Michigan Board of Education supports plan to address teacher shortage

Michigan

LANSING, Mich. (WLNS) – Michigan’s State Board of Education said on Tuesday they are in support of recommendations made by the Michigan Department of Education (MDE) that aim to address the teacher shortage in the state.

“The state legislature has the responsibility to help rebuild the teaching profession in Michigan,” said State Board of Education President Dr. Casandra Ulbrich in a press release. “They have an opportunity to make a real difference for current and future educators.”

The MDE provided the State Legislature with a slew of investment options that they say will reduce the teacher shortage in Michigan.

Executive directors from various education organizations in Michigan also co-signed a letter to the legislature alongside State Superintendent Dr. Michael Rice that called on the legislature to appropriate funds to curb the teacher shortage.

“The state legislature needs to address this matter strongly, quickly, and straightforwardly in a budget supplemental by March 20 that would begin to put Michigan schools back on a firm foundation for years to come,” Dr. Rice said in a release. “There are 68 days until spring. The clock is ticking and we need to act.”

The investment strategies recommended by MDE to the state legislature include:

  • Regulatory relief to permit more out-of-state teachers to apply for Michigan teacher certification. 
  • Grants to districts to provide stipends for mentors to support Grow Your Own programs and teachers in the first three years and a competitive grant to an intermediate school district to partner with MDE to develop broad mentoring parameters and virtual training and provide regional training/support to ensure mentor quality.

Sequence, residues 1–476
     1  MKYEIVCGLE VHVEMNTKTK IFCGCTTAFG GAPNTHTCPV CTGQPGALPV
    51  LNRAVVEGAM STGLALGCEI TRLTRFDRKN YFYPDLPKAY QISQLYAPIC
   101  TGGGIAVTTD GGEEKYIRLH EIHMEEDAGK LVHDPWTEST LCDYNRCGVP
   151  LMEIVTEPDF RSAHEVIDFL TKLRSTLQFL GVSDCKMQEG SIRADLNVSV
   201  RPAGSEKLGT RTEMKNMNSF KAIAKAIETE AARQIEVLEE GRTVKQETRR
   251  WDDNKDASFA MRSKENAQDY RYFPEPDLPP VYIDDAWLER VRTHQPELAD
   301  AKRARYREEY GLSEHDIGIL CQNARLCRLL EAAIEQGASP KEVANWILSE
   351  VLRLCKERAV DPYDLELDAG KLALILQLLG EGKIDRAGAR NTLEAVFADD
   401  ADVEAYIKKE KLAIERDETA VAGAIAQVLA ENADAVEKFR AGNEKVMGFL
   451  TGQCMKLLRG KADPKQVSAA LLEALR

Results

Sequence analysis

• Tuition reimbursement for current college students and support staff members who aspire to become teachers. 
  • Student loan repayment for recently certified college graduates who commit to careers in education and for current teachers who are working to pay off college.  
  • Grants to districts for Grow Your Own programs for support staff who aspire to be teachers. 
  • Grants to districts or directly to student teachers for paid teacher internships to offset potential loss in earnings by candidates.
  • Stipends to student teachers to relocate and pay for housing in high-needs school districts for up to one year.
  • Grants to educator preparation providers to expand Welcome Back Proud Michigan Educator campaign. The grants would offset costs to review transcripts and provide a mechanism to complete updated requirements for individuals who completed a program, or almost completed a program, and need a boost to reach certification.
  • Reimbursement for teacher certificate transfer and testing fees for educators relocating to Michigan. 
  • Grants to districts to support Grow Your Own programs for students in grades 6-12 to inspire interest in teaching and scholarships for high school seniors who aspire to and commit to a career in teaching. 
  • Revive and strengthen the teacher preparation pipeline in the Upper Peninsula and Northern Lower Peninsula.
  • Expand eligibility for child-care reimbursement to individuals enrolled in teacher preparation programs.

“An investment of $300 million to $500 million over five years is necessary to increase the recruitment and retention of high-quality educators from diverse backgrounds; revitalize the profession through support for thousands of teachers and teacher candidates; and provide a sustained investment in these initiatives to ensure that the demand for high quality educators to serve all of Michigan’s children would be met more enduringly,” the State Board of Education said.

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